Mobile Home Park Mastery: Episode 12

Why Ben Franklin Was Right - Three Action Steps To Better Due Diligence

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Benjamin Franklin is well known for his wisdom. And he nailed the importance of due diligence on mobile home parks when he said “diligence is the mother of good luck”. Indeed, due diligence is the key step to ensuring that the mobile home park you are buying will perform as anticipated, and be devoid of terrible physical and operational problems. We’re going to examine three important action steps to performing great due diligence on a property on this week’s Mobile Home Park Mastery podcast. If you like to only invest in successful properties, then this podcast is for you.

Episode Transcript

Benjamin Franklin once said that due diligence is a mother of good luck and he was correct as much today as he was 250 years ago. In our over two decades of buying mobile home parks, one reason we've been so phenomenally good and lucky at always picking winning parks has been the fact we do very, very thorough due diligence. Anyone who wants to succeed in buying mobile home parks need to first apply themselves, doing some of the best due diligence that they can humanly do.

We're going to go over today three action steps to doing good and thorough due diligence. The first one is, always do your deal killers first. There are many, many mobile home parks out there, roughly 44,000 of them and you cannot afford to waste your time doing diligence on deals that have some potential issue that would derail your very desire to buy it. You want to identify those deal killers first, seek out the answers on those, and if those all pass, then move on to the more minor items.

What are the big deal killers? Well, such items as does the property have a legal permit? You'd be shocked how many mobile home parks there are out there floating around. They can be large, they can be in large cities, and nevertheless, they do not have the right to be there. When you buy a mobile home park, you're supposed to get a certificate of zoning. What this document from the city tells you is A, what the property is zoned, B, whether you are legal, illegal, or legal non-conforming, which means the same as grandfathered at how many lots you're allowed to have. You'd be shocked at some of the things I've come across over the last 20+ years of doing this that just blew my mind. Here's an example.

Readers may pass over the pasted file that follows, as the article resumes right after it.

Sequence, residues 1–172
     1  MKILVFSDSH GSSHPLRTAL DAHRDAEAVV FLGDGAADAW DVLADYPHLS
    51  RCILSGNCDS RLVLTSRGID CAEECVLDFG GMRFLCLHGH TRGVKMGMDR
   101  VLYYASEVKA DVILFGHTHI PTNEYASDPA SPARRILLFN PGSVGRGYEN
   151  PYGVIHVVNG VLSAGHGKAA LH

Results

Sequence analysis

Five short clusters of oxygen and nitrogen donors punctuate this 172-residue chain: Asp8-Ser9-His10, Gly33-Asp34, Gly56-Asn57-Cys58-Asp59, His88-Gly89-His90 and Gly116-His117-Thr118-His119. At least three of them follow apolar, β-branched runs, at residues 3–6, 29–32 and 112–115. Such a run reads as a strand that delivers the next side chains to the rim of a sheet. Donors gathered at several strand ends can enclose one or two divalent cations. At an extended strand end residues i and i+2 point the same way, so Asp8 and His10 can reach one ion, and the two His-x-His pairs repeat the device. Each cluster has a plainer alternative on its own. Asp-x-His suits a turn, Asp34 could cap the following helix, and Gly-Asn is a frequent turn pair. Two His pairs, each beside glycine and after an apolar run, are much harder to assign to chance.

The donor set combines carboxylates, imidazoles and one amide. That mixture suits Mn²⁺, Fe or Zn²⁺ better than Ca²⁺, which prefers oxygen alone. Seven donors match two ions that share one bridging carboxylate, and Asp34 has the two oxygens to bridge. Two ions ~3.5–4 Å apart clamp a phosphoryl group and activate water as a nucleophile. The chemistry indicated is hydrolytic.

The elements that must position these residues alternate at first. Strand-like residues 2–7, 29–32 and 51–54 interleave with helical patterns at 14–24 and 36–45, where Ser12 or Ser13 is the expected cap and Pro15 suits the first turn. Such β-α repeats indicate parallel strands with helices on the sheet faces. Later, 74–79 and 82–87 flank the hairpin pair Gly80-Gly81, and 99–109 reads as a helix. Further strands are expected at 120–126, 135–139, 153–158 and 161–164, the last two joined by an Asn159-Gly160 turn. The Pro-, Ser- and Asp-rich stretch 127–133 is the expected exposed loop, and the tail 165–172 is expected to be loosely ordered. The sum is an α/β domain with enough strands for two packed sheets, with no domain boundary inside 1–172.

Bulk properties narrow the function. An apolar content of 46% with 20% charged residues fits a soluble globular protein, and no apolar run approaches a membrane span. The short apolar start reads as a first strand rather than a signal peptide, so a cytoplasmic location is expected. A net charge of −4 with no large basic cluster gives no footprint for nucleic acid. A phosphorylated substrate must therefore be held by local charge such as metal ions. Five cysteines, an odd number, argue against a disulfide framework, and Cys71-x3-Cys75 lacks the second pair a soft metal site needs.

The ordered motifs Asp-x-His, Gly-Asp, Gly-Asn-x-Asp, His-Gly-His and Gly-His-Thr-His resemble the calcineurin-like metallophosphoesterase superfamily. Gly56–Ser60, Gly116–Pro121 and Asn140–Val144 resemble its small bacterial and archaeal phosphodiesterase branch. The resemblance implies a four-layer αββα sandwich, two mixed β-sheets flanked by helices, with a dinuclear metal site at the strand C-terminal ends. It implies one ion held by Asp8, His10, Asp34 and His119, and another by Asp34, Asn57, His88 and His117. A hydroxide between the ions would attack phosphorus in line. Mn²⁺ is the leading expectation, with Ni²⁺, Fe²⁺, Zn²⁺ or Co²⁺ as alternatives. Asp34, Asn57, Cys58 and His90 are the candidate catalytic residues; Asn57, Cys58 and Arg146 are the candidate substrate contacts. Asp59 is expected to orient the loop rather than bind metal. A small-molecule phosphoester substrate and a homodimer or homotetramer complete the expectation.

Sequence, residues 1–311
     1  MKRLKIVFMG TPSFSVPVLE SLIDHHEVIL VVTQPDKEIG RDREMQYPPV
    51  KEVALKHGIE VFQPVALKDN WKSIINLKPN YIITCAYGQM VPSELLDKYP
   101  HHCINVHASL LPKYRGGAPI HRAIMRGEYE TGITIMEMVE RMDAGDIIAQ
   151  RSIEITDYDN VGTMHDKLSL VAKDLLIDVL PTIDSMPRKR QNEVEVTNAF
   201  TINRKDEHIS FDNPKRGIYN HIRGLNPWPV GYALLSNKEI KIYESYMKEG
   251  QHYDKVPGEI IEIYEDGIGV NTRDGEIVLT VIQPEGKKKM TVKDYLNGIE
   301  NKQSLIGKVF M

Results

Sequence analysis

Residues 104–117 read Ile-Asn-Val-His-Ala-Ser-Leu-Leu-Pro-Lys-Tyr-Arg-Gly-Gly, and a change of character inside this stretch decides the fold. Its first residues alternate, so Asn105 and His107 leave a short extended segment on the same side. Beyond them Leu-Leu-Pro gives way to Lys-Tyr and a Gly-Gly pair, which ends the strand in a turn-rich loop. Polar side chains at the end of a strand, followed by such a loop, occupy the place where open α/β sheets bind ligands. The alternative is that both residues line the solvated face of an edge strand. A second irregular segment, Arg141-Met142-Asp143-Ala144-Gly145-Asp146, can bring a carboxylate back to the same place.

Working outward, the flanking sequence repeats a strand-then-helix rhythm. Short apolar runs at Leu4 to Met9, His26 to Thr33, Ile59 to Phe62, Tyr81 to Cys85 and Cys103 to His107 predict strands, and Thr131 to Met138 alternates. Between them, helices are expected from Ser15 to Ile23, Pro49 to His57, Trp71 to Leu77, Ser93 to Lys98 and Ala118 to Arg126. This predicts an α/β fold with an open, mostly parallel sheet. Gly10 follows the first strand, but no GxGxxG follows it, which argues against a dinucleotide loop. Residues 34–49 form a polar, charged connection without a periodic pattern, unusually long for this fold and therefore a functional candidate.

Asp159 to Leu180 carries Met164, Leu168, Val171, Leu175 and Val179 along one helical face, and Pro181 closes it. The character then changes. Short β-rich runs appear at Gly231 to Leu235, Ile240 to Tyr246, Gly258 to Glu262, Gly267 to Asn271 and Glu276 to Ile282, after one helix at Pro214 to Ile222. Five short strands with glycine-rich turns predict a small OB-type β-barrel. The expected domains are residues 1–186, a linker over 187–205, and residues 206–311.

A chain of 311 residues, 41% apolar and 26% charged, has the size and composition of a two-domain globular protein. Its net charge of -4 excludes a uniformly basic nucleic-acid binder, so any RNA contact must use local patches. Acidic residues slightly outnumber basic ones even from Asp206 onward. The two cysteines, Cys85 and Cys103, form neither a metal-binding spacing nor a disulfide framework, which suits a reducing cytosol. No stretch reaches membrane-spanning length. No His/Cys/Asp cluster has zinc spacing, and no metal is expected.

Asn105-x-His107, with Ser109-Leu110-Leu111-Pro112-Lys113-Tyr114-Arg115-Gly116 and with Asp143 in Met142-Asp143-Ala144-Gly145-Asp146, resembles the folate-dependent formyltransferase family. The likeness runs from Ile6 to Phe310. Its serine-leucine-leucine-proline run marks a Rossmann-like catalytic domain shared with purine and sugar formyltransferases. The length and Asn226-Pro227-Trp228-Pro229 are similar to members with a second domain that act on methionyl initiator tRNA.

A mobile home park that was roughly about 30 spaces in size. Signed the contract, proceed down to City Hall to inquire and to get the certificate of zoning. I go to the zoning department and I say, "I'm looking to buy this mobile home park. Can you tell me real quick what you're going to show me, which I will later receive in writing as far as the number of lots it's allowed to have, whether it's legal, illegal, or non-conforming?" The zoning official comes back in a few moments and says, "There's no mobile home park at that address." I said, "Yes, of course there's a mobile home park at that address. I have it under contract." He says, "No, there's nothing there." I said, "Look, I was just there. In fact, you know what? Hold on. Here in my briefcase are photos of this mobile home park."

He takes the photos and he disappears again. He comes back five minutes later and says, "Well, I think I've unraveled what happened here. This property was annexed into the city and when it was annexed in, like we require of all annexations, the property owner had to give us a complete list of what was on the property. As you'll see here, he wrote just a house, one single family home." Yes, there was one single family home on the tract, but he kind of, sort of, forgot to add those 30 mobile home units. Now, he did that so he would go in with a much lower tax valuation, but when he did that, he also rendered his property illegal. He had no operating permit to have a mobile home park there. That's the kind of crazy things that we find.